During her year in Jagger’s galley Cook prepared organic feasts – anything from vegetable patch to Nobu-influenced Japanese – for Mario Testino, Kate Moss, Mick Jagger and Puff Daddy. Around the lunch table she learned the potted social history of Ibiza and its postwar open-door policy: “First the hippies, then the gay community. The gay crowd brought the fashion crowd… who brought the celebrities. Then the big money followed.”
Cook wasn’t just cooking lunch. She also curated other people’s pleasure. “I’d arrange boats, recommend restaurants and beach bars, locate English-speaking nannies and Girl Fridays, and help with Jade’s annual summer party, which has now become the stuff of legend,” says Cook. “Jade co-hosted with [property developer] John Hitchcox and they got the mix of people just right.” Rock stars, models, locals, hippies, fashion designers, the odd banker and rag-trade magnate; Yasmin and Simon Le Bon next to Peter Simon of the Monsoon chain. Kate Moss and fashion editor Katy England. Elle Macpherson at one end of the candlelit pool, Estelle singing American Boy at the other. Cook saw an opportunity. “I was 27. I could speak Spanish. Having Jade Jagger on my CV certainly helped.”
“You could make this into a business,” noted photographers’ agent Camilla Lowther (mother of Vogue model Adwoa Aboah) during one of those long lunches.
“Around the time Serena arrived on the island, Ibiza was changing fast,” says DJ Pete Tong, then enjoying a DJ residency at Pacha. “I remember how the club was doing well but still pulling in a Nineties, Ministry of Sound-type crowd.” Tong showed the management a big Pacha coffee table book full of photos of louche and glamorous Seventies bohemians and said, “I want to get these people back.”
Noting that the new wave of incoming rich – the hedonically inclined types – had plenty of money to spend at the roped-off VIP areas in the clubs but were short on cojones when it came to dusty, Ibizan adventure, Cook set up shop at the end of a mobile phone.
“The new people coming to the island were used to the south of France, where everything is manicured, tarmacked and neatly sign-posted. They weren’t properly tuned in to the ramshackle, hippy vibe of the island, where a fantastic villa might be at the end of a bone-rattling dirt track and marked only by a blue painted rock on the side of the road. It was hard to explain that a posh new hire car would have its underside scraped off on the steep drive down to the delightful Es Torrent restaurant at Sant Josep, and then also convince them that it was very much worth the journey.” These were people who definitely needed looking after.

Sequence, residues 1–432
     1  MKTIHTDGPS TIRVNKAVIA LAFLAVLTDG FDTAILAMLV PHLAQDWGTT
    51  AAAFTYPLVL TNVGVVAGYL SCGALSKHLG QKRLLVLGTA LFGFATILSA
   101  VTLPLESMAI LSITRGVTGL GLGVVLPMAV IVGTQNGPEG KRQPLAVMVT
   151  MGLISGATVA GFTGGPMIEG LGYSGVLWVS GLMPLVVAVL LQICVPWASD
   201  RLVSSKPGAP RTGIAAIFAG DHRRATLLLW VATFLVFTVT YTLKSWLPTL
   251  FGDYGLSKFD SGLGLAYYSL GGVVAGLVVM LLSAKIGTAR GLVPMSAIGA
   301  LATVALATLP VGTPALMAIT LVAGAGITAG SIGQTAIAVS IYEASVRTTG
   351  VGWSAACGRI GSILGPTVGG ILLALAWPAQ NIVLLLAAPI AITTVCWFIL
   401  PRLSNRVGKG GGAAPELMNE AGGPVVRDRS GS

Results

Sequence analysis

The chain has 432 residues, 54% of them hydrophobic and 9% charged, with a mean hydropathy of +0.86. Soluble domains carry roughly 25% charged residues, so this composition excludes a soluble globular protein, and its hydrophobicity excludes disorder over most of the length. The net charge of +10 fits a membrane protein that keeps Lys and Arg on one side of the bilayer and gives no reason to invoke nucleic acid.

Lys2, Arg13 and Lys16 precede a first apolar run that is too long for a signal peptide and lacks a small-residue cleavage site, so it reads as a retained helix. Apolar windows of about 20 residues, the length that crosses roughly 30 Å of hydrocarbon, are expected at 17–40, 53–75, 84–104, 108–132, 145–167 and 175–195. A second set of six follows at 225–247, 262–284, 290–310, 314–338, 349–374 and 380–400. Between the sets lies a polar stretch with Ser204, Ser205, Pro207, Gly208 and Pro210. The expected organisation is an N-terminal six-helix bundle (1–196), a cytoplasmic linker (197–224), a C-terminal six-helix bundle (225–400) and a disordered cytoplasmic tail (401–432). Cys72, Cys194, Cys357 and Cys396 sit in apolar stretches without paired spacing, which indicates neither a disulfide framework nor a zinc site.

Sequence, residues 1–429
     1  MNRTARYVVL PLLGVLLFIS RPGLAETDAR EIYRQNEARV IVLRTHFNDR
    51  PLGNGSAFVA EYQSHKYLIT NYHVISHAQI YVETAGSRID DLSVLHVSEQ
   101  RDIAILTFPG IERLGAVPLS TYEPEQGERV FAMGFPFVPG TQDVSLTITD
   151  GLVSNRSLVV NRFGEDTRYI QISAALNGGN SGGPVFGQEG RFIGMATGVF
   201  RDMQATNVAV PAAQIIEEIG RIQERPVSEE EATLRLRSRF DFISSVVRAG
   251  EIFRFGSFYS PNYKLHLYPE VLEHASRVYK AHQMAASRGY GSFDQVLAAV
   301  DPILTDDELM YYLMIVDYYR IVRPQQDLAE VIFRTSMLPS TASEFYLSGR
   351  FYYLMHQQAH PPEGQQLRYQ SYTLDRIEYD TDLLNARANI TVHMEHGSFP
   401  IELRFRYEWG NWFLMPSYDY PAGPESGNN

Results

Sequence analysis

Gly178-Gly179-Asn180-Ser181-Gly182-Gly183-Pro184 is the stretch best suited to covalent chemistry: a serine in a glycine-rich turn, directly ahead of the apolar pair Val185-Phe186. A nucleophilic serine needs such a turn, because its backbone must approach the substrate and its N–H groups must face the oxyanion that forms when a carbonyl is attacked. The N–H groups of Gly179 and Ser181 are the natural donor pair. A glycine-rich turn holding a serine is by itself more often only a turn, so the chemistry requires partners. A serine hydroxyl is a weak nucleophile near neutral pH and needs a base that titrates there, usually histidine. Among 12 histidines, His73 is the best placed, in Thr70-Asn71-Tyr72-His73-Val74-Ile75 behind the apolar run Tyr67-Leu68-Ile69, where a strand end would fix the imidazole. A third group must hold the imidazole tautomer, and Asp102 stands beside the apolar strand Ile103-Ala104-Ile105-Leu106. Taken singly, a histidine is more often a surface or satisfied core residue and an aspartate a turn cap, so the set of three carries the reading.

“The gay crowd brought the fashion crowd… who brought the celebrities. Then the big money followed.”
Some 18 years later, Ibiza is chock-full of smart 4x4s, the Es Torrent beach restaurant is booked solid all summer (global pandemics notwithstanding), new hotels include franchises bearing the Nobu and Cipriani liveries, and Cook’s concierge outfit, Deliciously Sorted, has an expert team of staff and suppliers vetted and trained to her own high standards.
If you are, say, a Parisian hedge-funder or a London-based property developer and you require DJ David Guetta to play at your villa party, Cook will call and personally negotiate the $453,000-ish fee. A wedding on the private island of Tagomago, just off the Ibiza coastline by Santa Eularia? “It can be arranged for around 200,000 euros [$226,000]. But we’ve worked with budgets of up to 500,000 euros.”